Synology on a sub-domain (with a dynamic IP address)

My problem:

I’ve got a Fiber connexion to the Internet (at Numéricable, one of the main ISP in France) which is forcing a dynamic IP address on me (no fixed IP address, even with a premium; They’ve settled in the XXth century). This would not be very serious except that I host a RAID server from Synology (a DS413j DiskStation with 4 hard drives in RAID-5 redundant mode) which provides several services I would like to share with the Internet (while I’m travelling with my iPhone or my laptop, I’d like to get access to my files through FTP, or my email server).

So, I decided to set things right in order to appropriately locate the Synology DiskStation in a sub-domain of my own (e.g.

The solution I opted for:

Dynamic IP addess:

Since my IP address is dynamic, there’s no way I can progress until I solved this single issue. I chose to use the DDNS service DDNS from Synology. Since I use DSM 5.0 (the most recent software version from Synology), I can reach the appropriate option through the control panel and the “External access” menu. I just added a DDNS, selecting Synology as a service supplier, and I recorded the name I wanted (let’s say ds). From this point, despite the IP address changes, my DiskStation is always accessible at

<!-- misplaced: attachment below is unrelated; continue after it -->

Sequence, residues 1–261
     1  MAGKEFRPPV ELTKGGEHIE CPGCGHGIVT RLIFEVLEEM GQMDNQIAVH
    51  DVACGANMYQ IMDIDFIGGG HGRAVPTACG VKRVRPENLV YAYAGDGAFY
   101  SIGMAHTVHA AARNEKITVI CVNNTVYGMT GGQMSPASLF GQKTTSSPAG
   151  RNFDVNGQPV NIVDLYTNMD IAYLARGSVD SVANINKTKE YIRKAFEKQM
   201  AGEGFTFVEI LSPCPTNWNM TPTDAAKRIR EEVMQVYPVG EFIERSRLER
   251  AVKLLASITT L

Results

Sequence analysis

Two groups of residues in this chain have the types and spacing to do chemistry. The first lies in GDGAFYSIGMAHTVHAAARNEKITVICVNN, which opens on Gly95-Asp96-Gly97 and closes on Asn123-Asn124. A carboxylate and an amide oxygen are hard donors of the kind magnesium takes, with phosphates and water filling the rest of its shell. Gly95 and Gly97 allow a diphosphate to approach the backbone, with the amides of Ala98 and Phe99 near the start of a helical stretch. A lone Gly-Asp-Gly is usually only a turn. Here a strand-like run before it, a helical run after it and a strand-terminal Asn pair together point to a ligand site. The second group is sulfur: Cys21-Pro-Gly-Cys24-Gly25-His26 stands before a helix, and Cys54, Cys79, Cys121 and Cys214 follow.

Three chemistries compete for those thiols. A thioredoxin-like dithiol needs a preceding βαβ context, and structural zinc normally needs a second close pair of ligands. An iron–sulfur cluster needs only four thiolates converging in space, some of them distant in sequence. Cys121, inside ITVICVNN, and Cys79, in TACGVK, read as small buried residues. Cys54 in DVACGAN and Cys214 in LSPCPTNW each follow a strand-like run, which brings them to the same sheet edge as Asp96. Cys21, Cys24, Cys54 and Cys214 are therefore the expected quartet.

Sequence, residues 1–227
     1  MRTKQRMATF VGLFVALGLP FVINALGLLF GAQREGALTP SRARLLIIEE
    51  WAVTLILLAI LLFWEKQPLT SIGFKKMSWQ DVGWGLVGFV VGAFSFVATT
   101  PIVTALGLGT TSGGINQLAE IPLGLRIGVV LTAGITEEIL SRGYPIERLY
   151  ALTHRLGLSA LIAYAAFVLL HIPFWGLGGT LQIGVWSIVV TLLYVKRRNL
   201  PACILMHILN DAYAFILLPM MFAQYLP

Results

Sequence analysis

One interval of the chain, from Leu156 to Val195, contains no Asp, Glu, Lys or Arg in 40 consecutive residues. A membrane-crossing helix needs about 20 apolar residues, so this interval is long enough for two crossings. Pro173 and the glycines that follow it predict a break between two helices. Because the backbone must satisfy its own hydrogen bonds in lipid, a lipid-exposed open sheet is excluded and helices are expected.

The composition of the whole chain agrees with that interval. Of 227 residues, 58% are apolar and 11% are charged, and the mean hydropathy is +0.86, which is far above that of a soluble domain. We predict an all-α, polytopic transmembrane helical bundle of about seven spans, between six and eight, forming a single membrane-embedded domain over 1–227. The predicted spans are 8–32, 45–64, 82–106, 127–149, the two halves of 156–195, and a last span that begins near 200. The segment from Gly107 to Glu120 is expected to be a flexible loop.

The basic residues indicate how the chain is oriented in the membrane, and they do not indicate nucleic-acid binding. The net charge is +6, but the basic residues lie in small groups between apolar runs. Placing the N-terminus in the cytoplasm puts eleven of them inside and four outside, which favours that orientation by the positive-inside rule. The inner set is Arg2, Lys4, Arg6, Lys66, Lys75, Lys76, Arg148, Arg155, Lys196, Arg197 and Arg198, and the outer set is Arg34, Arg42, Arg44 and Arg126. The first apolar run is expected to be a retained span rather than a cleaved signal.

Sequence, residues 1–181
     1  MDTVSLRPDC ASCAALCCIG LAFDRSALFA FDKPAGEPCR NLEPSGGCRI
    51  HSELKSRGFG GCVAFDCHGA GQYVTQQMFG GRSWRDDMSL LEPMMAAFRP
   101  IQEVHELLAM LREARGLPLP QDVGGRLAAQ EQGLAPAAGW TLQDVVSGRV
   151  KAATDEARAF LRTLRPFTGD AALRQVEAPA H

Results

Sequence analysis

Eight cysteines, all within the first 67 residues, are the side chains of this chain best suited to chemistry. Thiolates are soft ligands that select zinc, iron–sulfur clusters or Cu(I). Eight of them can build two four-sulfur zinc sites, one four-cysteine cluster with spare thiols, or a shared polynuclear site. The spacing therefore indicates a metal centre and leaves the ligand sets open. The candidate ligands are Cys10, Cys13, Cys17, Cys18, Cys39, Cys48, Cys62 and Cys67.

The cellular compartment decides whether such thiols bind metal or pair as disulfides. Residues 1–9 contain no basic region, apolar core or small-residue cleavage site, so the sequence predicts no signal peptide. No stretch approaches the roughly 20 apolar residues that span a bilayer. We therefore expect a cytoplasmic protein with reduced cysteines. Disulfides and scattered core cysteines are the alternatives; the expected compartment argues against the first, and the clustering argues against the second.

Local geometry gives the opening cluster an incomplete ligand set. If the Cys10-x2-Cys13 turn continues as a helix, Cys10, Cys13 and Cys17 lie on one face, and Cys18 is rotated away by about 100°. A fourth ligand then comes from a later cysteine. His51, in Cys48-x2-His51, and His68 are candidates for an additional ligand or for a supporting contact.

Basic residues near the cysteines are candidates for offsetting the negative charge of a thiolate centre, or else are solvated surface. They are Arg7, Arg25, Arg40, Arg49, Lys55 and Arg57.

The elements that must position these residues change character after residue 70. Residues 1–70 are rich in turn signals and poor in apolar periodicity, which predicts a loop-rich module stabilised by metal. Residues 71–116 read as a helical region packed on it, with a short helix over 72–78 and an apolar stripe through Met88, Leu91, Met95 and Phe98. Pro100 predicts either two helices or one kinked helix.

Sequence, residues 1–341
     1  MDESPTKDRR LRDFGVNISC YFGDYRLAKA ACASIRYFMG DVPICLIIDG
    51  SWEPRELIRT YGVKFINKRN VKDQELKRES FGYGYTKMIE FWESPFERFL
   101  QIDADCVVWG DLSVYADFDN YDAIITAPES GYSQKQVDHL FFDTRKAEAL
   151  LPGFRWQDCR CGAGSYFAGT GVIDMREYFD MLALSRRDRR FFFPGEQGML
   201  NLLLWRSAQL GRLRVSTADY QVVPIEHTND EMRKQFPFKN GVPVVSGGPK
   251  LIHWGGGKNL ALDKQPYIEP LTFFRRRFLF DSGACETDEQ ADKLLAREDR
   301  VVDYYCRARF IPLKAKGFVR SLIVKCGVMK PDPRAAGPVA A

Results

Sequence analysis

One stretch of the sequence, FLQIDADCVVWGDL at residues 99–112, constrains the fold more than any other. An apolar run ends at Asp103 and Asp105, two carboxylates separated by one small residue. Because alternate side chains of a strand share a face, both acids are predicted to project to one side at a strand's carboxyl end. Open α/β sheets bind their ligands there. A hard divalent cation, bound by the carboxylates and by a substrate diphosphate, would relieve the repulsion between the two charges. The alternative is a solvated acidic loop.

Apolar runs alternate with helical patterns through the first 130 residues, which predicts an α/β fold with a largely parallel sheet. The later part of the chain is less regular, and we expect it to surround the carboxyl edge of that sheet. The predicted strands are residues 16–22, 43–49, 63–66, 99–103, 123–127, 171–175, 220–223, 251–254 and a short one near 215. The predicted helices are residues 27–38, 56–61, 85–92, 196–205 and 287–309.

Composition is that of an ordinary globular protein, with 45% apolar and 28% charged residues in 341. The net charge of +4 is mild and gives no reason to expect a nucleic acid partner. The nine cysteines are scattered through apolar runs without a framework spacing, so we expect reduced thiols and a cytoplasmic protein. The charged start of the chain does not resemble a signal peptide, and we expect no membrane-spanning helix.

DNS subdomain:

After that, I need to point onto This is slightly more complex because my domain nam is reserved atz Gandi and it is pointed toward a server hosted by OVH. It’s the hosted server (rented from OVH) which includes all the information relating to So, I went to my server control panel and, in its DNS configuration, I modified (in your case, you may need to add) a CNAME record.

mail 10800 IN CNAME (Don’t forget the final dot/period in your CNAME entry, or it won’t work!)
Since I am lucky, my control panel at OVH includes an easy way to get the correct syntax (it’s safer): I tell it the mail subdomain is described by a CNAME record pointing to (a bit terse, but not difficult).

Then, I only had to wait for the DNS information to “propagate” (from a few minutes to a few hours, sometimes up to 24-48 hours). And a little check using ping confirmed that it answered from my Numéricable IP address.

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